Finally, the history of commodities markets may once again be instructive in trying to guess the future role of the current cloud gorillas. That history, according to Mitchell, shows that incumbents may dislike the loss of pricing power that comes with commoditization, but sooner or later the traders get the upper hand.

“Exxon tries not to use wholesale price of oil, but that doesn’t dictate the price of oil. It’s traders who are long and short who set the prices, not those like Amazon who are fundamentally long.”

How the 6fusion Switch SuperNAP partnership will transform IT economics

by John Cowan, 6fusion Co-Founder, & CEO 

Last week, 6fusion and Switch SuperNAP announced the first-of-its-kind industry partnership, bringing unparalleled economic insights to Switch’s enterprise and cloud service provider customers.  The partnership, which integrates 6fusion’s utility infrastructure metering platform into the Switch environment, will provide customers with an unprecedented level of cost transparency; bringing IT infrastructure users and providers one step closer to 6fusion’s transformational vision of IT-as-a-Utility, and the realization of the first fully viable IaaS marketplace.

The response from the industry has been overwhelming. While nobody doubts the obvious synergies between the world’s foremost innovator in data center technology and the company that is disrupting the economics of IT, I think it’s necessary to shed some light on how this collaboration got started, what it means for customers and a little bit about what comes next.

The seeds of this relationship were indirectly planted in May of 2013 at an event called Cloud 2020, organized by Ben Kepes of Forbes, and Krish Subramanian of Red Hat, and was conveniently located at the site of the SuperNAP.  At this exclusive thought leader event a lot of fascinating topics were covered.  I had the privilege of joining a panel to discuss “The Economics and Use Case of Federated Clouds.”  I don’t think the crowd on hand quite expected the fireworks this topic would ignite.  Maybe it was some post-lunch energy or maybe it was me standing up there and proclaiming that, in fact, compute, network and storage resources could be traded like coal, oil or other commodities.  And that in my opinion, when market economics could be truly employed by buyers and sellers the industry would see cloud adoption velocity to get excited about.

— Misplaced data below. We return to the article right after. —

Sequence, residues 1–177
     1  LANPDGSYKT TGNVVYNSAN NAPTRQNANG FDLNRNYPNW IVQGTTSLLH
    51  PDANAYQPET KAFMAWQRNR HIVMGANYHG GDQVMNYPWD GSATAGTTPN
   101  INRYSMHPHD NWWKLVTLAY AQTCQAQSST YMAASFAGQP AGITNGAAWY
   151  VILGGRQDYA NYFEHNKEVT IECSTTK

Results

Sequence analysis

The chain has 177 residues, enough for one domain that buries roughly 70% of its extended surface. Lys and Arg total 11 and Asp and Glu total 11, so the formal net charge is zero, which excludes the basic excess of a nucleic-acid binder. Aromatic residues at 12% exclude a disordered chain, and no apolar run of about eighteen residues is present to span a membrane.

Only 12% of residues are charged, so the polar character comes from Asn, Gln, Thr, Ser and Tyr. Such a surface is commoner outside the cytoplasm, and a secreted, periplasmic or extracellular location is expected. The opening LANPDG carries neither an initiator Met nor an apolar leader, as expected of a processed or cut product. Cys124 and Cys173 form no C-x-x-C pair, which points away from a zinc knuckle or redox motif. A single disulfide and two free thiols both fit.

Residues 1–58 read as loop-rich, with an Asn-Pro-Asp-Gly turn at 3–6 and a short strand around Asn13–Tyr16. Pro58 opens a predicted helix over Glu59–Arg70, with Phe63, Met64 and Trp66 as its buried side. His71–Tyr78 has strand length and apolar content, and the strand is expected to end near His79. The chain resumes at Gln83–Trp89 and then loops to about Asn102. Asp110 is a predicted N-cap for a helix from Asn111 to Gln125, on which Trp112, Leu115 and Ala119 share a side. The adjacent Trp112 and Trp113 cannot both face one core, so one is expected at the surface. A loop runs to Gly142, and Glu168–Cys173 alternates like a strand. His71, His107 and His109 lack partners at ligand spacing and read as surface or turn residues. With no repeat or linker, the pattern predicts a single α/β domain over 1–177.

The debate we ignited spilled over to the blogosphere, as leading thinkers continued to make their case in the weeks following Cloud 2020 (read more background on the topic: here, here, here, and here).  Whether you thought the idea I shared that day was crazy or brilliant it was hard to ignore the groundswell of interest we created.  To foster continued discussion, 6fusion sponsored an invitation only round table on the front end of GigaOM Structure 2013, participants included Joe Weinman, Randy Bias, Paul Miller, Mark Thiele, Bernard Golden, Reuven Cohen, James Mitchell, and other industry luminaries.  For posterity, we recorded that session.

Shortly following the public debate about the concept of a futures market for cloud computing, 6fusion announced it’s first big step in that direction: 6fusion Launches Open Marketplace for IaaS.

If the Workload Allocation Cube (learn more about the fundamentals of the WAC here) is the basis measure of infrastructure like a real consumption utility, then the marketplace is the basis of contract standardization. Contract standardization is a critical building block because it defines the parameters for consumption in a uniform way; it is the foundation we are laying for the eventuality of trading IaaS Compute.

The Marketplace which was built on the Open Market Framework (OMF) launched a few months earlier.  The OMF is important because it is how 6fusion achieves open participation for buyers and sellers.  The basic premise behind OMF is that the underlying software code necessary to meter heterogeneous technology stacks was made open.  Anyone can build and support integration to the 6fusion platform – whether you come from cloud, virtualization or physical operating system perspectives.  You can read more about the OMF here.

One the questions I received since making the announcement with the SuperNAP is “why?”.   If 6fusion built all of the underlying software plumbing and the user interface to settle infrastructure contracts, why is the SuperNAP really even needed?  The answer is quite simple: the first step to building an open, financially settled market, is to organize physical marketplaces. The SuperNAP is a physical marketplace.  At an elementary level, it is world’s largest ‘farmers market’ of IT infrastructure; a massive collection of IT infrastructure operated by buyers and sellers.